Onus on patients to request PrEP. At least 16% of the veterans who requested PrEP had documented historical evidence of elevated risk for contracting HIV, including being treated for a sexually transmitted infection, being prescribed PEP, requesting multiple HIV tests, or previously disclosing sharing needles or having an HIV-positive partner. Yet despite the prevalence of documented HIV risk, the majority (88%) of patient charts had clear documentation that the patient initiated the PrEP request, while 10 charts (6%) documented provider-initiated PrEP conversations. There were nine charts in which the PrEP initiator could not be identified. In most cases, providers noted that the patient was requesting it: “Homosexual male asking to be put on PrEP kit of Truvada.” In other cases, this was recorded in the referral placed from primary care to ID clinics: “Pt requesting HIV prophylaxis for being homosexual and at high risk for HIV.” Still other times, internal messages to providers from medical assistants, nursing staff, or clerks recorded the patient request: “Patient also stated interest in pre-exposure medications for HIV???? Please advise.”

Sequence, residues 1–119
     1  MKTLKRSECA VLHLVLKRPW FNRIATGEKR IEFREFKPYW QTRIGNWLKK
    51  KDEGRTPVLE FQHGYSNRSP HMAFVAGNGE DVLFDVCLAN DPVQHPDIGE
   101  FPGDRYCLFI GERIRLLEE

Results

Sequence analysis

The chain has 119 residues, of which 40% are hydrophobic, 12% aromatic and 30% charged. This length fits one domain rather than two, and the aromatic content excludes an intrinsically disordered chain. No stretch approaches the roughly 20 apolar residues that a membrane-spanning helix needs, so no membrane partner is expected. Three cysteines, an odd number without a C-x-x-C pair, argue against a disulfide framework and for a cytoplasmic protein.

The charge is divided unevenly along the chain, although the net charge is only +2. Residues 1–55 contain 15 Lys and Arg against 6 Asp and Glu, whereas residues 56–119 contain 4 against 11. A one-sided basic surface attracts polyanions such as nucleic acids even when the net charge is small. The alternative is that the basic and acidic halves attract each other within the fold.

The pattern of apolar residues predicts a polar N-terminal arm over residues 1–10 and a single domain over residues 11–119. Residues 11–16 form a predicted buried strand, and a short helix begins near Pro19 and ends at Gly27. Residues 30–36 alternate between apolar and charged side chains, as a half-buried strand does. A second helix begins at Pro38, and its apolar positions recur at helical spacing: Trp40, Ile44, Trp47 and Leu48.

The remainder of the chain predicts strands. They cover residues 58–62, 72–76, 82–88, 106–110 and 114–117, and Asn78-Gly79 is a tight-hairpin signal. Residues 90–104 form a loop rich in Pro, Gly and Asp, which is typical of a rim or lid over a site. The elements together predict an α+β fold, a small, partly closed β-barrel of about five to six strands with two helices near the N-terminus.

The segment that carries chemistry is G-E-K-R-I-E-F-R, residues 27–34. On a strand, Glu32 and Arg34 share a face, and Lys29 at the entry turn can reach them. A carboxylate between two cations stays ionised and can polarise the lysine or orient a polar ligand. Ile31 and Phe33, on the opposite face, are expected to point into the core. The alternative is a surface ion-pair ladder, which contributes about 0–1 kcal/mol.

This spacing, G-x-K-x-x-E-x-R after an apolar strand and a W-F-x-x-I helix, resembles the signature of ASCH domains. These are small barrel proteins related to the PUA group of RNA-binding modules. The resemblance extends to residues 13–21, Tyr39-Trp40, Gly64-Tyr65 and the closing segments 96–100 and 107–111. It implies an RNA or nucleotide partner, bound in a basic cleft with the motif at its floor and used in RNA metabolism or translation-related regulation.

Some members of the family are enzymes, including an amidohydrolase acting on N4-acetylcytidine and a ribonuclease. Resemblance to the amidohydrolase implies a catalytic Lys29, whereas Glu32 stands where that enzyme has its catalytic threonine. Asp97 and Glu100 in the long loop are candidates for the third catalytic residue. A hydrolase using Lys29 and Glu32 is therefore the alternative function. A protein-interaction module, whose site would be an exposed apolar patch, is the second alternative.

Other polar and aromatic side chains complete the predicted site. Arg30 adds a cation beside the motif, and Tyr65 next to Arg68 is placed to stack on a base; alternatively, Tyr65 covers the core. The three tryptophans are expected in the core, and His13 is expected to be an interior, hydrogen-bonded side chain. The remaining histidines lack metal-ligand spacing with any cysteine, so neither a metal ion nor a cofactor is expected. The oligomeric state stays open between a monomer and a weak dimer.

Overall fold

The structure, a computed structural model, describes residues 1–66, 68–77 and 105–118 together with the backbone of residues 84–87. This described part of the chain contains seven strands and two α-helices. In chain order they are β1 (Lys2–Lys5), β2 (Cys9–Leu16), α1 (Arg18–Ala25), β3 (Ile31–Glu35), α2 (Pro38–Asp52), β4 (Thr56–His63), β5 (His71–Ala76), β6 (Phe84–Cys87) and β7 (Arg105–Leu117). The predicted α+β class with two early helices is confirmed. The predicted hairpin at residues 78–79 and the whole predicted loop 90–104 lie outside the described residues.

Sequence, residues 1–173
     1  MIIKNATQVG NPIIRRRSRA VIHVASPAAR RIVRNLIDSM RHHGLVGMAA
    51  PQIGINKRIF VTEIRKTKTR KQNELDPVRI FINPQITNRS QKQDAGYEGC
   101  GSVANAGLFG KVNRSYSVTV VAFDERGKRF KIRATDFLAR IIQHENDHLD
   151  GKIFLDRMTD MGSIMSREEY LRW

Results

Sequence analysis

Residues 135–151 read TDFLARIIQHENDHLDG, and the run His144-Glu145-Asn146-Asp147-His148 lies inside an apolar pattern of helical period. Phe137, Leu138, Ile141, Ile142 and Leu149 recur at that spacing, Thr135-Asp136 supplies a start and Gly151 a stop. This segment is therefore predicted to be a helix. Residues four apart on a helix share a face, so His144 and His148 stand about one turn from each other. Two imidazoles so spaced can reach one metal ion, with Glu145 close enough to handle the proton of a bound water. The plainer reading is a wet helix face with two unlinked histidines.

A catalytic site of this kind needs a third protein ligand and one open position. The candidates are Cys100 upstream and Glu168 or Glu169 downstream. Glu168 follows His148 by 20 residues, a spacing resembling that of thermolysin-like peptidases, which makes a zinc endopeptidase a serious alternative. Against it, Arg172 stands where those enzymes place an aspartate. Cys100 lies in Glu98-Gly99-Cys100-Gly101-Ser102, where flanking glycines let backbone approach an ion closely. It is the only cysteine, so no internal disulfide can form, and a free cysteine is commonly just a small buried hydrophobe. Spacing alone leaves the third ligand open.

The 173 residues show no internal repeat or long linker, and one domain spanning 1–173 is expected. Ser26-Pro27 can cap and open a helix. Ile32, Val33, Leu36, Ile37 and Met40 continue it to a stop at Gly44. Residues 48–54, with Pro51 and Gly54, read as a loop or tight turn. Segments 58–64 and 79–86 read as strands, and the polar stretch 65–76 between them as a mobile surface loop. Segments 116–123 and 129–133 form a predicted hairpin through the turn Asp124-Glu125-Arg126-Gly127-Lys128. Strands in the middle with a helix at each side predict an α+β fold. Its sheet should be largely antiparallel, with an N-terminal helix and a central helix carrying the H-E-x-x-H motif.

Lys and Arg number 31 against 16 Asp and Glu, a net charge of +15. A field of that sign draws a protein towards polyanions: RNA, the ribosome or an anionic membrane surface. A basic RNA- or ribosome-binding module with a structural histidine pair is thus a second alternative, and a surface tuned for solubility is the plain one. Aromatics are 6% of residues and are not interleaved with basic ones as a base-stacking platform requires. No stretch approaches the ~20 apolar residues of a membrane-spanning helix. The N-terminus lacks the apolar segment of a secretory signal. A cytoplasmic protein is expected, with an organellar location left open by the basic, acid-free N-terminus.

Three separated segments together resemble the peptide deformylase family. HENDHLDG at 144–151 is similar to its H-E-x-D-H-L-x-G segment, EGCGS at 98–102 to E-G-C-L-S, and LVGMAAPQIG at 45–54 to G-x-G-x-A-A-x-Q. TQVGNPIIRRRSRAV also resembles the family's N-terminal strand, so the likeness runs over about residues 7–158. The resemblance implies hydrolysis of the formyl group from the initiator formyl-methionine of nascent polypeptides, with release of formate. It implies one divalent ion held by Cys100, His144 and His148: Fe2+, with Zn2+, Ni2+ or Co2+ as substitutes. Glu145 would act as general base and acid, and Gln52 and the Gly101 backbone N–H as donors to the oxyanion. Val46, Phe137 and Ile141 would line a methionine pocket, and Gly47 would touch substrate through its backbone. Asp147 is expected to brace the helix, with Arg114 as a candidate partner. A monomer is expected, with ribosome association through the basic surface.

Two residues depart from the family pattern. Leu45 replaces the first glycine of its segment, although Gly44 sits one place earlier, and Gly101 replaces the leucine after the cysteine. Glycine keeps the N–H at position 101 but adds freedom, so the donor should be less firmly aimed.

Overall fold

Patients face refusals and delays. In 35% of cases, barriers resulted in delays in obtaining PrEP prescriptions, with the interval between request and fill ranging from five weeks to 16 months. Reasons associated with delays were not always documented. In response to delays or refusals to prescribe PrEP, some patients made follow-up requests. It is not known what percentage of these requests went undocumented in the EHR but of the 142 veterans who made an initial PrEP inquiry, 23% of them had a second request documented in the EHR at a later medical visit or via the EHR electronic messaging system. Eleven patients (8%) requested PrEP three or more times before obtaining a prescription.

Site Variation

While a full exploration of similarities and differences across low, medium, and high prescribing sites would require additional data not gathered for this study, a few patterns are worth noting. Providers at high prescribing sites tended to exhibit more thorough documentation of safer sex counseling and use less judgmental language in their documentation. They also tended to exhibit fewer knowledge gaps about VHA systems related to PrEP. It was interesting to note however that knowledge gaps about PrEP and attitudinal barriers were identified in all three types of sites. Cases of easeful PrEP access could also be located in low prescribing sites.